But when I act on a decision, I not only have beliefs and desires, I have an *intention* to do (say) X. Yet if I intended to do X, the idea that I could have done Y instead doesn’t bolster my free will. If anything, it shows that I have a weak will, or maybe that someone is about to overpower me.

        So presumably, the philosopher who talks about “unconditional ability” doesn’t mean to suggest that it should be “unconditional” on the current conditions when I act. But they also don’t mean it to be “unconditional” with regard to future conditions either. For obvious reasons.

        Might some of those obvious reasons apply also, in a very non-obvious manner, to some past conditions as well? (Hint: yes.)

  18. I was thinking about 3d visual perception and thinking that it is powerful and complex and must have evolved but it must be a different type of evolution than what is taught in biology class. I started to notice that uber-rational materialist scientists that I respected had terribly unconvincing theories about consciousness that seem to make uneducated people that are not indoctrinated in the religion of materialist scientism seem to be geniuses by comparison. I got interested in science fiction because it ventured farther away from scientism and explored big ideas about consciousness.

    I realized that consciousness would not have evolved if it was powerless because it wouldn’t be a factor in natural selection and therefore libertarian free will is real. I realized if atoms were just inanimate building blocks then no combination that normal evolution of life on Earth could produce would be consciousness with libertarian free will. I realized there must be a high mass particle that is capable of being a little holodeck with a virtual homunculus that is a mind that can interface with an external body — probably dark matter. The only reason I could think such a particle could exist is if it is a baby universe that is the result of a large number of generations of universes reproducing during big bangs which could only happen if libertarian free will is real because only then would consciousness matter and drive the evolution of universes. I thought of libertarian free will as the whole universe partially controlling it parts or a whole dark matter baby universe particle partially controlling it parts which reminded me of some ways a quantum whole can instantly effect (a verb sometimes used when someone uses their libertarian free will to cause change) its parts like making two of its particles it controls have opposite spins even if they are light years apart.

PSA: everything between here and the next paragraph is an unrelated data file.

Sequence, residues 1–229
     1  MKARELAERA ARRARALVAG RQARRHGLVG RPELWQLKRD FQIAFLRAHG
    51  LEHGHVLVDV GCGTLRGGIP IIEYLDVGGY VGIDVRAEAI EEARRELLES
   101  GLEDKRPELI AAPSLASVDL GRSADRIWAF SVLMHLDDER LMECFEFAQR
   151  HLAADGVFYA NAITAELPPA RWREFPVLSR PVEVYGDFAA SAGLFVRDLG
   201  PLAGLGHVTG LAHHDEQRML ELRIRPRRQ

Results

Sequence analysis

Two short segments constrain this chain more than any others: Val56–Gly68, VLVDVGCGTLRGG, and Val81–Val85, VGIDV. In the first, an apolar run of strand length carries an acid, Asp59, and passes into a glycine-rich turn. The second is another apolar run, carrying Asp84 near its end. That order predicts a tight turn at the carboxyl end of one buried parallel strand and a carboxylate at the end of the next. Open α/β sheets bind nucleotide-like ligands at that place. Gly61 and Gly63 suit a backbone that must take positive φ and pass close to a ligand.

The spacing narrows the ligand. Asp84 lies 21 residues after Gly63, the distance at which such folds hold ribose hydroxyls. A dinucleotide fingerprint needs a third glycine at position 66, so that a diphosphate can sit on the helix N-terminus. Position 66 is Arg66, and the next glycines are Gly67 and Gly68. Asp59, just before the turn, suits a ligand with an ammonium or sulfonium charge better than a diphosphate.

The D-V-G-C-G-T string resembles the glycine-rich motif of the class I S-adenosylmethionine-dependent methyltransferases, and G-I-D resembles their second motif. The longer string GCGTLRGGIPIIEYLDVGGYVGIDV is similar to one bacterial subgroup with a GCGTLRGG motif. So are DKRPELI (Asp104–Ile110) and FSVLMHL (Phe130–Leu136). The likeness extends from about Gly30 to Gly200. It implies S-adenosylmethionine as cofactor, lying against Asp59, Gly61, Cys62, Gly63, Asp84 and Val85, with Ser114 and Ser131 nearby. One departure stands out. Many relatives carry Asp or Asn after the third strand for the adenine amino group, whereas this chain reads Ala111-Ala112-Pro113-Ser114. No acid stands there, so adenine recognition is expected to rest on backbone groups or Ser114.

1. I realized that consciousness would not have evolved if it was powerless because it wouldn’t be a factor in natural selection and therefore libertarian free will is real.

      Could consciousness simply be an epiphenomenon?

  19. Having read Sam Harris’ excellent short book Free Will many years ago, I’m happily up to page 45 of Sapolsky’s Determined – a fascinating and thought-provoking read. I was intrigued by his comment that in a survey of jailed murderers, a majority had a reduced frontal cortex, the area of the brain that controls decision-making. It leads me to ponder the decision making processes of the major actors of Ukraine vs Russia, Israel vs Palestine. In time, I wonder if might we be able to reduce the appearance of such conflicts in human behaviour?

  20. I’ve wondered for a long time: to what extent is our macroscopic world actually deterministic?
    It isn’t deterministic on the quantum level, if you don’t take a many-worlds point of view. Lots of quantum randomness.
    So to what extent does quantum randomness average out into deterministic evolution on the macroscopic level, and to what extent is there a sensitivity to quantum randomness, where tiny random quantum events get magnified into macroscopic events?

    1. The best minds in physics wonder most of those things too. We haven’t figured it out yet.

      From what I understand, the general consensus in physics is that determinism is indeed true at least “locally” and at the scales humans exist at, and that we don’t know yet whether or not quantum mechanics ultimately is probabilistic or deterministic.

      Some of the thinkers that ponder the Free Will question have stopped using the term “determinism” and started using terms like “natural laws.” I agree with this change because when it comes to the question of Free Will the thing that really matters is whether or not humans can make choices unconstrained from the natural laws that constrain everything else in our reality, as far as we can tell. Whether those laws are wholly or only partially deterministic, whether causality is true everywhere and at every scale or only locally and at certain scales, it really doesn’t matter. What matters is if human’s can make decisions unconstrained by whatever the laws are or they can’t.